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Wednesday, July 26, 2006

Testing for Recurrent Pregnancy Loss

Testing for Recurrent Pregnancy Loss
by Amy

A starting list of tests for your doctor to run if you are experiencing recurrent pregnancy loss (RPL). This post is simply a starting point to help you start the conversation, though your care should be guided by your doctor.

Anti Phospholipid Antibodies (APA)- cardiolipins are proteins found in your body that work against your body. Cardiolipins help regulate blood flow throughout the body. However, when your body looks at the cardiolipins as an invader, it will attack them. The three main groups are: IgG, IgM, IgA.

  • Normal Results: IgG is below 23 ug/mL, while normal IgM and IgA is below 11 ug/mL. This indicates typical levels of cardiolipin antibodies in your blood.
  • Abnormal Results: levels between 25ug/mL and 70 ug/mL. However, these levels may interfere with your ability to become pregnant or carry a pregnancy to term.

Other anticoagulant tests that fall under APA are the following:

Anti Cardiolipin Antibodies (ACA)- cells that attack the nuclei of other cells in your body. This is a mistake made by the body, thinking the good guys are the bad guys. Low levels should cause no problems.

  • Normal results: levels are typically under 1:20, though 1:40 is also acceptable.
  • Abnormal Results: levels above 1:40 indicate a high presence of anti nuclear antibodies in your blood.

Anti Nuclear Antibodies (ANA)- Again this is your body mistaking the good for the bad. Only this time it attacks the nuclei of the cell(s).

  • Normal and abnormal levels are the same here as they were for the APA.
  • Typical treatment for abnormal results is the use of the medication prednisone.

Lupus Anti Coagluant (LAC)- this is a protein in your blood that causes it to clot in your bloodstream and veins differently than it normally would. To test for this there are actually several tests compiled and then looked at as a whole. These tests are the Activated Partial Thromboplastin Time (aPTT), the Modified Russel Viper Venom Time (VPTT), the Platelet Neutralization Procedure (PNP), and the Kaolin Clotting Time (KCT).

The typical treatment for this is baby aspirin, prednisone, and heparin/lovenox.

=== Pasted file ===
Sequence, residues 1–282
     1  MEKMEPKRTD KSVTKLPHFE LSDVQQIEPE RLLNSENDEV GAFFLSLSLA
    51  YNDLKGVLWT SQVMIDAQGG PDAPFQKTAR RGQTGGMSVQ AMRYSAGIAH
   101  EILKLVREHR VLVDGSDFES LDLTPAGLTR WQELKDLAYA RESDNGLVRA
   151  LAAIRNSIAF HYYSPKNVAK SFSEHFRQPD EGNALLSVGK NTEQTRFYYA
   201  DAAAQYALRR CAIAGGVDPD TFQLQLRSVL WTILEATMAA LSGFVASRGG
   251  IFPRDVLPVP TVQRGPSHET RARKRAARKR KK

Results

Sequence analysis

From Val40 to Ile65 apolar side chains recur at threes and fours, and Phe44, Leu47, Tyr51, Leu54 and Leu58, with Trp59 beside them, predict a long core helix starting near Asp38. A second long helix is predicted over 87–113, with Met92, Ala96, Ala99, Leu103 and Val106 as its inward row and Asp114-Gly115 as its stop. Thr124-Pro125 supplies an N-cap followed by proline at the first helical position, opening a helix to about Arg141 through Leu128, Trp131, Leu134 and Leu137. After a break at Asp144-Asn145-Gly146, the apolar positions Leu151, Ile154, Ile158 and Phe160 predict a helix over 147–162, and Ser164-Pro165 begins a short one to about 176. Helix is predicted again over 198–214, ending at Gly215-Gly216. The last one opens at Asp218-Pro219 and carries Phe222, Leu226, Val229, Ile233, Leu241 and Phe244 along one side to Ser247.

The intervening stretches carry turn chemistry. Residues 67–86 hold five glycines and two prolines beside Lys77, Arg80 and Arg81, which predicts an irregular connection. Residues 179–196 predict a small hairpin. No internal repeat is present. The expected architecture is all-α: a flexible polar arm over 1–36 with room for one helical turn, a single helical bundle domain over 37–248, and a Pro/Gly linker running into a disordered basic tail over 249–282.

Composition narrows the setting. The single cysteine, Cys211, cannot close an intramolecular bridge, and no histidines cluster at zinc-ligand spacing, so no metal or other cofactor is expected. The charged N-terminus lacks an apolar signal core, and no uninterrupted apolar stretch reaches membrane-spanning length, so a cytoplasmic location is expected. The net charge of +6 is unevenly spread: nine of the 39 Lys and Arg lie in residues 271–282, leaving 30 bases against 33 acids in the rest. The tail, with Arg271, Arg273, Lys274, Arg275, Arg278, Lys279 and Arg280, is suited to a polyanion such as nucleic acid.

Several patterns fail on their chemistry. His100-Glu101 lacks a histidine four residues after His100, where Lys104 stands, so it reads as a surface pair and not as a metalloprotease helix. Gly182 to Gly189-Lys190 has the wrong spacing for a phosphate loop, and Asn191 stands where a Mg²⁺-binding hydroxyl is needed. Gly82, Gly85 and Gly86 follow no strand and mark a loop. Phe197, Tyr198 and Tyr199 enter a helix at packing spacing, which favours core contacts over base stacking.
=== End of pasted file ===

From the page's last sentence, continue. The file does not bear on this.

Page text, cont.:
Anti Thyroglobulin Antibodies (ATA)- Thyroglobulin is the protein that connects with the thyroid, which produces different types of hormones. Antithyroglobulin is usually found with antimicrosomal antibody in the bloodstream. These two antibodies together, a.k.a antithyroid antibodies, attack the thyroid gland.

  • Normal/ Negative Results: levels less than 1:72
  • Borderline Results: levels between 1:72 and 1:300.
  • Abnormal/ Positive Results: levels higher than 1:300

Further testing is usually required to rule out other issues and is then treated with prednisone and dexamethasone.

Parental Chromosome/ Karyotype- when blood samples are taken from both partners and tested for extra chromosomes, missing chromosomes, deletions or additions to the data within each chromosome, and translocations of chromosomes (in which all chromosomes are present but rearranged.

Embryo Toxic Factory (ETF) Panel- this when your immune system looks at your new embryo and says, “invader!” So it attacks the embryo because your body is producing too many white blood cells. This test occurs in two steps

First, your blood is taken and the cells (lymphocytes) are isolated and placed ina special solution

Second, is the embryo culture. This is when the lyphocytes are combined with a two-cell embryo from a mouse. After several days, the mouse embryos are looked at again to see if toxic substance is being produced. If the mouse embryo has stopped developing or died, it is and indication of ETF. If it’s still developing then there is no toxic substance being produced.

Anti-Mullerian Hormone (AMH)- this appears to a relatively new test. However, it is expensive and still not covered by insurance companies. It is projected that it is accurate 70% of the time.